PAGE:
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EIFF 2013: Not Another Happy Ending Review

Karen Gillan stars as an aspiring novelist in John McKay's Glasgow-set romantic comedy.

John McKay’s Not Another Happy Ending seemingly has its sights set on being Scotland’s answer to the frothy romcoms that make their way to these shores from the US. The film certainly looks the part, showing a bright and glossy Glasgow full of young, stylish professionals with cool jobs. Unfortunately, looking pretty is about as good as the film gets.

Rising star Karen Gillan is Jane Lockhart, a struggling writer who somehow manages to dress like 70’s-era Diane Keaton and live in a designer flat. She’s trying to get her first novel published, a sob story about her absentee father. After shipping it around various publishers, she finally finds Tom (Stanley Weber), a volatile Frenchman with an up-and-coming publishing house. He’s willing to give her a chance and together they begin redrafting the novel.

Despite a blossoming relationship, things come to an abrupt end when Tom changes the title of Jane’s novel, which crushes her since he was the only one who “got her”. It’s hard to see how or why he “got her” since the only real interaction we’ve seen between them up to this point is a cutesy montage of them skipping through the streets and the like.

Jane’s novel becomes a huge hit and her life seems to be on the up. Her father Benny (Gary Lewis) is back on the scene and she’s moved in with her successful new boyfriend Willie (Henry Ian Cusick), who is writing a screenplay based on her novel. However, it seems her newfound happiness is causing writer’s block, preventing her from writing her follow-up novel and ending her publishing deal with Tom.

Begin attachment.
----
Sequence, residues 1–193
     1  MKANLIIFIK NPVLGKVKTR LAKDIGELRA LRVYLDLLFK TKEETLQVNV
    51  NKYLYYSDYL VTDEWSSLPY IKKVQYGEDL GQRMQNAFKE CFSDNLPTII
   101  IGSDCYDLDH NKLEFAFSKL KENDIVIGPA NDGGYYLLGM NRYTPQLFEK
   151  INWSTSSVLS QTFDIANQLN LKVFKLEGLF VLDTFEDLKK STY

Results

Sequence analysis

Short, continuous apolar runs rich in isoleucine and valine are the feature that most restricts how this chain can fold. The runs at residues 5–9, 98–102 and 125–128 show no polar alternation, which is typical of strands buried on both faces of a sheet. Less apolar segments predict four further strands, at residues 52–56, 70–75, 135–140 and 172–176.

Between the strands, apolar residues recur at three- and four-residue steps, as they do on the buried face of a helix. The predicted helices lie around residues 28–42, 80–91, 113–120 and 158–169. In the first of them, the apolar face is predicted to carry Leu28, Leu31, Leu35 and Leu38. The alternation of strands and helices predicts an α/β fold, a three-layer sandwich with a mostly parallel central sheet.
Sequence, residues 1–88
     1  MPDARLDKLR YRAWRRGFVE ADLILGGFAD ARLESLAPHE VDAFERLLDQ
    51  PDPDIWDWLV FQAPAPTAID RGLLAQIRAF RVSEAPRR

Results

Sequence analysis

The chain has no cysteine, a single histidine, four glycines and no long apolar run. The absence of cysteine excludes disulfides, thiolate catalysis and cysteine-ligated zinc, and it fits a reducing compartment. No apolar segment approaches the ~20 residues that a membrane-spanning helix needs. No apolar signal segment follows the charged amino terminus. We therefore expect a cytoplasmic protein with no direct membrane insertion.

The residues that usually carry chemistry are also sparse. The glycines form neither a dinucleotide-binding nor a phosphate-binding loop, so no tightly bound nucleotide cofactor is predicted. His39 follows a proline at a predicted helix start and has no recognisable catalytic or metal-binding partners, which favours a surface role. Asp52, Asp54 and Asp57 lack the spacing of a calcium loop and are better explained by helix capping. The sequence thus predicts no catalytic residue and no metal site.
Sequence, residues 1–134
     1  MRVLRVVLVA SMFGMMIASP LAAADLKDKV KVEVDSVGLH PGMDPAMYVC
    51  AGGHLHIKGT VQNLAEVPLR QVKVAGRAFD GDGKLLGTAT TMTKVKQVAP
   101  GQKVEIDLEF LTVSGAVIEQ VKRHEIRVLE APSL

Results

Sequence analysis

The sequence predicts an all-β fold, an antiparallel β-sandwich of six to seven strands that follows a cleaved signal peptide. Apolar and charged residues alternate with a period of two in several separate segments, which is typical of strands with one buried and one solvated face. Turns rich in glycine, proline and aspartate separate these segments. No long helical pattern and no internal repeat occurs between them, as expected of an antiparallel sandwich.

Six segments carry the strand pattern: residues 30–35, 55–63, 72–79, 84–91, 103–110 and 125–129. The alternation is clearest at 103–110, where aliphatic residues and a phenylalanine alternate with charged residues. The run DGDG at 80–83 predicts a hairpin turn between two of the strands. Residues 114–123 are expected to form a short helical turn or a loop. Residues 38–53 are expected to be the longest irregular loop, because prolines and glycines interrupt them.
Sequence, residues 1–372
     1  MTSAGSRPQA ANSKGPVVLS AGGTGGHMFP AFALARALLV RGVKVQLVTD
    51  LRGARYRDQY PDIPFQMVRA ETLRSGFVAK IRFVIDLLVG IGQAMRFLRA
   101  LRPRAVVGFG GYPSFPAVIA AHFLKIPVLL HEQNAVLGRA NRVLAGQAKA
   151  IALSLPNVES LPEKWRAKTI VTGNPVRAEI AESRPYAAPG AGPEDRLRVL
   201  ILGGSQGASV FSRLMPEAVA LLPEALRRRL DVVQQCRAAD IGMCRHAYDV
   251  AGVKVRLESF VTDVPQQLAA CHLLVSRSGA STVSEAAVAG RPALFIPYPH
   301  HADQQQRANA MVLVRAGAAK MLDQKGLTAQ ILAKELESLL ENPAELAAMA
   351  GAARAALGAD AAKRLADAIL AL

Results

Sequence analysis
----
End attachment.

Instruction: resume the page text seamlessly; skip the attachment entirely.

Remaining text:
The biggest problem here is that every story strand is sorely underdeveloped; especially the one we should care about most. The whole thrust of a romcom should come from hoping that the central couple get back together but Jane and Tom’s relationship is so weakly established that there’s just no desire to see them get together. Jane’s relationship with her father is also painfully simplistic. He was such a deadbeat that he inspired an entire novel yet as soon as he turns up out of the blue, their relationship is rosy almost instantly.

The plot is also bogged down by the inclusion of a subplot involving Jane’s visions of Darsie (Amy Manson), the lead character in the novel she’s struggling to finish. It feels like an idea that should’ve been cut before ever making it into the finished film.

In the lead role, Gillan is likeable but has a flimsy character to work with. Seemingly everything Jane does is just an attempt to gain audience sympathy whether it be bumbling around like a low-rent Zooey Deschanel or crying over her publisher, boyfriend, father, writer’s block or whatever else is thrown at her. It isn’t Gillan’s fault; the script just leaves her hanging.

It would all be a lot easier to forgive if the film was funny but laughs are few and far between. The humour is all too broad and obvious to really land, with many of the gags eliciting groans rather than chuckles.

There’s the potential for a good film here but ultimately Not Another Happy Ending suffers from too many ideas and not enough focus, sacrificing the weight of the main story in favour of needless subplots. It’s bright and perky depiction of a city normally shown in varying shades of grey is a refreshing change but not enough to save the flimsy sitcom plot.

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